When I made the decision to move to Israel, I’m not sure I fully understood how I would feel being away from my family and how this move would impact my life. It’s hard to put into words the yearning and difficulty I experienced in my first years here. I remember crying a lot, being homesick and missing my family, my little brother, and especially my mom, with whom I was very close.

Years later, my mother told me that she fell into a deep depression after I left. I can only understand the mental toll it took on her now that I am a mother myself.

In real-time — and although we used to talk about everything — neither of us said anything about the difficulties we both experienced

“I remember meeting your friends from class on the street and talking to them,” she told me after too many years of trying to be strong on my behalf. “They would tell me how they were doing and I would tell them about you. Then I’d go home and sit down in the kitchen, where we used to sit and talk, and just miss our conversations.”

Even then, I thought that the fact that she agreed to allow me to go on this adventure I so desperately wanted, was her own heroic act. But in real-time — and although we used to talk about everything — neither of us said anything about the difficulties we both experienced.

Neither one of us, it seems, wanted to burden the other. My mother didn’t want to sabotage my attempt to assimilate in Israel and, knowing she was having a hard time, I didn’t want her hurting for me, either.

Ira Tolchin Immergluck, right, with friends Yulia and Lana at Kibbutz Yotvata in southern Israel, where they stayed after immigrating to Israel by themselves. (Courtesy)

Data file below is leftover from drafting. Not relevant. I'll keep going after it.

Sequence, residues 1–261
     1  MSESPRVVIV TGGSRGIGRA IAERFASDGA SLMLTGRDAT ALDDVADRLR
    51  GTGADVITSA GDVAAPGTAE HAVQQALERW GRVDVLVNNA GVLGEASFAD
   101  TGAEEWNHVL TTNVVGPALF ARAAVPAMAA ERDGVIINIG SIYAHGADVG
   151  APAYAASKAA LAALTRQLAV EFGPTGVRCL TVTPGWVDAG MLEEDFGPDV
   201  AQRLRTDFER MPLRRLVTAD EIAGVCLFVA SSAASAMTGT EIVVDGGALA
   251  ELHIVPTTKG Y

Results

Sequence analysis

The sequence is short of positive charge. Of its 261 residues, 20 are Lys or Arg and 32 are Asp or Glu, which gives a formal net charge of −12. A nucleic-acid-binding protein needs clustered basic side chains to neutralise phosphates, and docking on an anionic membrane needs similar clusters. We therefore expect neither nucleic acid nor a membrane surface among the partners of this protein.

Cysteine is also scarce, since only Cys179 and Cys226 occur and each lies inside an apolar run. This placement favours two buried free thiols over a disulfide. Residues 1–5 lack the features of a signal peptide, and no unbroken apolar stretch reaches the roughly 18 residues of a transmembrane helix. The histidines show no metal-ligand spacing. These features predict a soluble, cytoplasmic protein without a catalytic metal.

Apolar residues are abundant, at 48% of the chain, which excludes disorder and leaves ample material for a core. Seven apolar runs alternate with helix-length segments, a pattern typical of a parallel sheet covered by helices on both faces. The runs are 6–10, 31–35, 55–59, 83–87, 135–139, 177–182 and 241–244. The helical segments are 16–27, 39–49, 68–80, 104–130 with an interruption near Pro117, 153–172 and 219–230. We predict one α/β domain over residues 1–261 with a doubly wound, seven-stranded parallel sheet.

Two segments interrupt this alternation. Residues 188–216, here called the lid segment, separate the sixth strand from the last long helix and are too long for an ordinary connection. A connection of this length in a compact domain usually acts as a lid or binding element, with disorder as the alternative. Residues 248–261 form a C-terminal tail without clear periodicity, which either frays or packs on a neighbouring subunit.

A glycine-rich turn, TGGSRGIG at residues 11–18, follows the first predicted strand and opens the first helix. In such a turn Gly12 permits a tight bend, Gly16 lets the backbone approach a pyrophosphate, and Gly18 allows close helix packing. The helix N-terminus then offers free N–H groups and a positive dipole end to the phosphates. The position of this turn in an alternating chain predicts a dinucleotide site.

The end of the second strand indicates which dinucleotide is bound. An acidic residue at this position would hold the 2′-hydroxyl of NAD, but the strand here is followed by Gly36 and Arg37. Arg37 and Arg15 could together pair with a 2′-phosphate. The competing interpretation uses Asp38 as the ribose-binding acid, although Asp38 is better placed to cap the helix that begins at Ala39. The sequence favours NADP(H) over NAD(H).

Still, despite all the difficulties I encountered, the thought of going back to Russia never crossed my mind. I couldn’t disappoint her — or myself.

My father, a man subscribing to the classic introverted Soviet mentality, has never shared with me how my departure affected him. He and I don’t talk about our feelings.

“Most parents who decided to send their children to Israel did so believing it would give [the children] a unique opportunity to pursue higher education and a more successful life than they could have under the post-Soviet circumstances in which all [state] systems, including the education system, disintegrated, which created general uncertainty about the future,” explained Prof. Larissa Remennick, head of the Department of Sociology and Anthropology at Bar Ilan University.

“It was a daring experiment, but it included the option of coming home if it failed,” she said. “You also have to understand that, contrary to the Israeli parental approach, the Soviet approach underscores the need for children to become independent and responsible at an early age, and believes that a child and a teenager need to experience challenges and difficulties so they can learn to overcome them by themselves and grow up.”

Growing pains and Skype dinners

Leo Golod, 39, a father of four, immigrated to Israel from Ukraine at the age of 15. In hindsight, he said, he would have done things differently.

“I was a Zionist. I wanted to live in Israel, serve in the military and protect the country,” he said. “As long as I was in Na’ale and in the IDF I was fine — I had where to live and what to eat — but as soon as I was released [from the army] there was no one to help me out. I was able to earn enough money to pay my rent, but not to go to university. I couldn’t have survived that financially.”

Leo Golod (R) with his mother and brother. (Via Zman Yisrael)

Still, Golod doesn’t necessarily believe that had his parents followed him to Israel the situation would have been different.